Guidelines for Mapping Areas at Risk of Landslides in Europe This volume presents the results of a meeting of European experts held at the JRC, Ispra, Italy on 23-24 October 2007. The publication includes examples of landslide inventories and susceptibility, hazard and risk mapping in France, Germany, Great Britain, Greece, Italy and Spain, and discusses some harmonisation issues and criteria for mapping landslide susceptibility across Europe. It concludes with recommendations on a common methodology for landslide susceptibility mapping in Europe based on geographically-nested “Tier” approaches at various scales, from Europe-wide scale to regional and local scales. Hervás, J. (Ed.), 2007. Guidelines for Mapping Areas at Risk of Landslides in Europe. Proc. Experts Meeting, JRC, Ispra, Italy, 23-24 October 2007. JRC Report EUR 23093 EN, Office for Official Publications of the European Communities, Luxembourg, 53 pp. Download report: (Size: 28.5 MB) Preview FrontPage : Last Update: 11/10/2010

Ground Based SAR and Terrestrial Laser Scanner data for the analysis of the Formigal landslide; the GALAHAD project test site in the Spanish Pyrenees.
Resource Type: Maps & Documents, Documents, Conference Publications
Year: 2015

Ground Based SAR and Terrestrial Laser Scanner data for the analysis of the Formigal landslide; the GALAHAD project test site in the Spanish Pyrenees. Herrera, G., Ponce de León, D., Mulas, J., Llorente, M., Hervás, J., Noferini, L., Mecatti, D., Macaluso, G., Tamburini, A., Federici, P., 2007. 7th Geomatics Week, Barcelona, Spain, 20-23 February 2007, CD-ROM, 2 pp. Download the Article: Ground Based SAR and Terrestrial Laser Scanner data for the analysis of the Formigal landslide; the GALAHAD project test site in the Spanish Pyrenees.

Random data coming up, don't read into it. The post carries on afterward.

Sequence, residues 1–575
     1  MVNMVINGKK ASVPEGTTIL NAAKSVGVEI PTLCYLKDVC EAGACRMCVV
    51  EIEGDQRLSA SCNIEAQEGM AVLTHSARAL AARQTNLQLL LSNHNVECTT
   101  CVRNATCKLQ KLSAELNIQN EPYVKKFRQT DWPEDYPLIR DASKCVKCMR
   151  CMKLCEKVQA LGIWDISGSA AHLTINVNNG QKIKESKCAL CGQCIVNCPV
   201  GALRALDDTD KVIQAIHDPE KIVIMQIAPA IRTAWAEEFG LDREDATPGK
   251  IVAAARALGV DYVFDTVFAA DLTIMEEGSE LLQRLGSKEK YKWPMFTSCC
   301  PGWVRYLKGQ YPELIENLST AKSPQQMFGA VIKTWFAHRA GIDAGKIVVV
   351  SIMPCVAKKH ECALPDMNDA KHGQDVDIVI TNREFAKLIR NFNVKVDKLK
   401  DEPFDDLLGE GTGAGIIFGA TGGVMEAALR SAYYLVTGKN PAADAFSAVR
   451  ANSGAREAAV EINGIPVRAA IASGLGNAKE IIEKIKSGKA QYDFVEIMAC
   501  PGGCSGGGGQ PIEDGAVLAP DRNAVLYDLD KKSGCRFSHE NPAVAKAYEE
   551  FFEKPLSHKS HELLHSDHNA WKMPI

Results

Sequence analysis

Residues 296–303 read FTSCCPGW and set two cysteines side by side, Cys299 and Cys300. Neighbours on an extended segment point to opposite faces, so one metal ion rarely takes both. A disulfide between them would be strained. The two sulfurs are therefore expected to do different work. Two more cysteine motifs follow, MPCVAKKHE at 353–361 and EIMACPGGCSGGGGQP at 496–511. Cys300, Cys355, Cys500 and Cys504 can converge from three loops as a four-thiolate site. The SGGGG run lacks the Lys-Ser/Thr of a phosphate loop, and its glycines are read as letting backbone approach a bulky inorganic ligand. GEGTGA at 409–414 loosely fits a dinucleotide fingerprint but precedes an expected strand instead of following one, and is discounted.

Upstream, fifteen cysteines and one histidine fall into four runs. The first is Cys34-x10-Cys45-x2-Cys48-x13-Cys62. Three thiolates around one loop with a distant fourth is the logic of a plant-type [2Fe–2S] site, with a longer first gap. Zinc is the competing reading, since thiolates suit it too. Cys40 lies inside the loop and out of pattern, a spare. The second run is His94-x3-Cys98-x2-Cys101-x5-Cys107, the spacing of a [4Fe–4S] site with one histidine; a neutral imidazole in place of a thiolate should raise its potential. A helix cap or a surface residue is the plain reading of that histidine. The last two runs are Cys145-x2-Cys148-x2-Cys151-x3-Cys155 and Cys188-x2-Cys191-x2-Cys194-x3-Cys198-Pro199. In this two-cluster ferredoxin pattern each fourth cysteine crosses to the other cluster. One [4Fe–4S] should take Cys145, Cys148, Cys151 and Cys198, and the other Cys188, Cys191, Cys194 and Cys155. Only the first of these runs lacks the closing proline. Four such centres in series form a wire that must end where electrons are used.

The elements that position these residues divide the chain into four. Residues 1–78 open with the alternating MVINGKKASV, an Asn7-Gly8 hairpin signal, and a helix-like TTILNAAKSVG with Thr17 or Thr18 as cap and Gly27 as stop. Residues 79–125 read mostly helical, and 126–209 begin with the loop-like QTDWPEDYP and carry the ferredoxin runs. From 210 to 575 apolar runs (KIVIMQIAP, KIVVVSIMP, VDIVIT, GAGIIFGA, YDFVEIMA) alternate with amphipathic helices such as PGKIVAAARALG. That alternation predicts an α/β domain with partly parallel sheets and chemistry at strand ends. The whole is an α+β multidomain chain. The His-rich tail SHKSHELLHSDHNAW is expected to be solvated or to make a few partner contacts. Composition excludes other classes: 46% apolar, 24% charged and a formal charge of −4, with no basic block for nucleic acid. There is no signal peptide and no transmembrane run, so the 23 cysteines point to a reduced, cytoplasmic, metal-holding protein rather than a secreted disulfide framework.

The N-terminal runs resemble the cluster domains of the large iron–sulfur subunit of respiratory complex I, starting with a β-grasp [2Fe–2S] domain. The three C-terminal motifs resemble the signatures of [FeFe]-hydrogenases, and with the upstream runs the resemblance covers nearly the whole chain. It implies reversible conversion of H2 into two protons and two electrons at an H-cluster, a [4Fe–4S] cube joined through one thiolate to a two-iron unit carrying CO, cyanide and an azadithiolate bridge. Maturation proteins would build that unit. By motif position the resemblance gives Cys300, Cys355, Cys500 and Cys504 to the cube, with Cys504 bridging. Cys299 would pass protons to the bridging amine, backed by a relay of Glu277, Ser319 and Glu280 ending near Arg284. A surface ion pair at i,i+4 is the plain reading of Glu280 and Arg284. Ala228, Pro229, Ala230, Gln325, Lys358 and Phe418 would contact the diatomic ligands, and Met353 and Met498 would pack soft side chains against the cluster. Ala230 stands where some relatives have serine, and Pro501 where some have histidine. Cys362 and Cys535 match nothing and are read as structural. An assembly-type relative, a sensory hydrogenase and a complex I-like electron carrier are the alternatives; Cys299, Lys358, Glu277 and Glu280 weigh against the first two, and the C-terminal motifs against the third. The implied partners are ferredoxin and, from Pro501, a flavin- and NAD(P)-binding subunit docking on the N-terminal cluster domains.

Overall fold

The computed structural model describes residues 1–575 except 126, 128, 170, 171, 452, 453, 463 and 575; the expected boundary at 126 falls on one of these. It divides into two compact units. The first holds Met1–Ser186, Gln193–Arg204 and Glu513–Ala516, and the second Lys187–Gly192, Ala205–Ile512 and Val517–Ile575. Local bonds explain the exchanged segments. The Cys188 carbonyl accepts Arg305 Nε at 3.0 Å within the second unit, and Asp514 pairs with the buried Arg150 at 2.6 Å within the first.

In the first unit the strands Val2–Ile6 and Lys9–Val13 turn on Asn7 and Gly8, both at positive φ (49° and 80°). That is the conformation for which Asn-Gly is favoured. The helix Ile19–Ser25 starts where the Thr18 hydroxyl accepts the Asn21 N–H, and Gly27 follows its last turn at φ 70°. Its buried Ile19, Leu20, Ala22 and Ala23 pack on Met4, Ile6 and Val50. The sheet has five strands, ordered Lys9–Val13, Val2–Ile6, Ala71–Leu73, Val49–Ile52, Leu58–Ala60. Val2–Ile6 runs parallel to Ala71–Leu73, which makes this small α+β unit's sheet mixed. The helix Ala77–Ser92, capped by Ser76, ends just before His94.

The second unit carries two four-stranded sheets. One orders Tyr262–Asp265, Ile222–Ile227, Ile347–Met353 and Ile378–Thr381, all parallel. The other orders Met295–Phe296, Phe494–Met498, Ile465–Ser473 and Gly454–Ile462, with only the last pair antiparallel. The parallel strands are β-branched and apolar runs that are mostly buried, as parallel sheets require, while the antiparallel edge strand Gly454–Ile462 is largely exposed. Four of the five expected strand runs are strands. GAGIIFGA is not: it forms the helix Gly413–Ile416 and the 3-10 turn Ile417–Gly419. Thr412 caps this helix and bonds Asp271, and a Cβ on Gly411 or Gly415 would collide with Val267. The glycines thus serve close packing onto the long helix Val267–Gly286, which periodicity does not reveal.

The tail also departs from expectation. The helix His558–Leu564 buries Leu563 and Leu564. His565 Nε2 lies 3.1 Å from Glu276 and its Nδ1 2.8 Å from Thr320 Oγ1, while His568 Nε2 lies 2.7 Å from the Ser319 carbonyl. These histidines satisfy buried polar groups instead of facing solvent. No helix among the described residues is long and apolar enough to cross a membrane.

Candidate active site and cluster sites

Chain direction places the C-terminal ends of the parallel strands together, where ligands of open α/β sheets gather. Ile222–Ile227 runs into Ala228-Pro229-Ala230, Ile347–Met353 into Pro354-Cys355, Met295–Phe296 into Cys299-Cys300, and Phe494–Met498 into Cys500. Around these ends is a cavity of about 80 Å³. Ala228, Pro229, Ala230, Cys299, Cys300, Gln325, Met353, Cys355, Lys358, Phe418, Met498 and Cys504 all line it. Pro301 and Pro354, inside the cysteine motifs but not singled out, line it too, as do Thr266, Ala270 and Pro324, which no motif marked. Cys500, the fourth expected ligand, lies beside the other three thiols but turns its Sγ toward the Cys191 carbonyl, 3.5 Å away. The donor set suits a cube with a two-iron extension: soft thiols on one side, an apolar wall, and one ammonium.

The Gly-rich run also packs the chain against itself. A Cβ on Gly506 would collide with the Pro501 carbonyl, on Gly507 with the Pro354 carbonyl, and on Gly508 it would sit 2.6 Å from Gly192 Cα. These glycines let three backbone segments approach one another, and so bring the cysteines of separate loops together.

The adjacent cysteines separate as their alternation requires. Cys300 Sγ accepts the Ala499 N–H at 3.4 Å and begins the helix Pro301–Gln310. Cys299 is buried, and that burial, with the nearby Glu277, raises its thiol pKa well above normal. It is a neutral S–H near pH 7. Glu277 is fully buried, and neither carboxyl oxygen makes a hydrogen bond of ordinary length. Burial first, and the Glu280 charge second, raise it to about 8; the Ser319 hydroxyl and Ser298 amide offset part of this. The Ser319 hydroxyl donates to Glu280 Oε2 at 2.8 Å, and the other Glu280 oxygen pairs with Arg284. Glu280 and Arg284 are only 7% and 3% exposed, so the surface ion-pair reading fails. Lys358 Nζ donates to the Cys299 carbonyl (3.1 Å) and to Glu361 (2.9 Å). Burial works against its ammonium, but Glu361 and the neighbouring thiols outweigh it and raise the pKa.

Integration of the Soil Database of Turkey into European Soil Database 1:1.000.000
Resource Type: Scientific-Technical Reports
Year: 2015

Integration of the Soil Database of Turkey into European Soil Database 1:1.000.000 In order to extend the Soil Geographical Database (SGDBE) to the countries of Mediterranean Basin, the preparation of soil geographical database of Turkey at 1:1 million scales was initiated at the end of 2008. In the current report, the reader will be informed about the preparation of soil geographical database of Turkey compatible with European database and how the Turkish soil data have been integrated the European Soil Database. The implementation of this work has been achieved since we have built a common understanding and nomenclature of soils in Europe and Mediterranean region. A number of attributes have been transformed from local/regional/national soil datasets while some other attributes have been obtained from auxiliary datasets using remote sensing and GIS Techniques. Authors: Ece Aksoy, Panos Panagos, Luca Montanarella, Arwyn Jones (2010). Integration of the Soil Database of Turkey into European Soil Database 1:1.000.000. EUR 24295 EN. ISSN 1018-5593. ISBN 978-92-79-15306-8. DOI 10.2788/77892. 45 pp. Keywords: European Soil Database 1:1.000.000, Turkish Soil Data, GIS Techniques, Remote Sensing Download report: (Size: 5.6 MB) Preview FrontPage : Last Update: 30/03/2010

Methods to interpolate soil categorical variables from profile observations: Lessons from Iran
Resource Type: Maps & Documents, Documents, Publications in Journals
Year: 2015

Methods to interpolate soil categorical variables from profile observations: Lessons from Iran Hengl T., Toomanian N., Reuter H.I., Malakouti M.J. (2007). Published by Elsevier B.V. Abstract The paper compares semi-automated interpolation methods to produce soil-class maps from profile observations and by using multiple auxiliary predictors such as terrain parameters, remote sensing indices and similar. Access the paper or contact the Author T. Hengl for more information